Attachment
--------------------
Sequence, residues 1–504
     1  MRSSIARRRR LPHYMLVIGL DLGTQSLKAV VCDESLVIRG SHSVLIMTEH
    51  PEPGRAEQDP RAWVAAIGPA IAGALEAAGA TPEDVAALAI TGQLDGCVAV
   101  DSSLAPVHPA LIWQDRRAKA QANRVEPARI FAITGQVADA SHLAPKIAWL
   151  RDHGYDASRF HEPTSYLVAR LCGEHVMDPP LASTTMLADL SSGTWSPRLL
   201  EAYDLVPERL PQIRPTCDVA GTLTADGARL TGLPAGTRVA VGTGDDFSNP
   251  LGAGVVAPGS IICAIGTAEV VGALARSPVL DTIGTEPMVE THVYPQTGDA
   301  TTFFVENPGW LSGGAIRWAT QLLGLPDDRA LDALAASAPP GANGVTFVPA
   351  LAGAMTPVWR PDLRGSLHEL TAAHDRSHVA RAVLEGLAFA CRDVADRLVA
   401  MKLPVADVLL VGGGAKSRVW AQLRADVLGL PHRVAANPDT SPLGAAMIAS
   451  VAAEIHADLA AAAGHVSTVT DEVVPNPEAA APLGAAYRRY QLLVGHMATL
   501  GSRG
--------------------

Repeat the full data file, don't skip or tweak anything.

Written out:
Sequence, residues 1–504
     1  MRSSIARRRR LPHYMLVIGL DLGTQSLKAV VCDESLVIRG SHSVLIMTEH
    51  PEPGRAEQDP RAWVAAIGPA IAGALEAAGA TPEDVAALAI TGQLDGCVAV
   101  DSSLAPVHPA LIWQDRRAKA QANRVEPARI FAITGQVADA SHLAPKIAWL
   151  RDHGYDASRF HEPTSYLVAR LCGEHVMDPP LASTTMLADL SSGTWSPRLL
   201  EAYDLVPERL PQIRPTCDVA GTLTADGARL TGLPAGTRVA VGTGDDFSNP
   251  LGAGVVAPGS IICAIGTAEV VGALARSPVL DTIGTEPMVE THVYPQTGDA
   301  TTFFVENPGW LSGGAIRWAT QLLGLPDDRA LDALAASAPP GANGVTFVPA
   351  LAGAMTPVWR PDLRGSLHEL TAAHDRSHVA RAVLEGLAFA CRDVADRLVA
   401  MKLPVADVLL VGGGAKSRVW AQLRADVLGL PHRVAANPDT SPLGAAMIAS
   451  VAAEIHADLA AAAGHVSTVT DEVVPNPEAA APLGAAYRRY QLLVGHMATL
   501  GSRG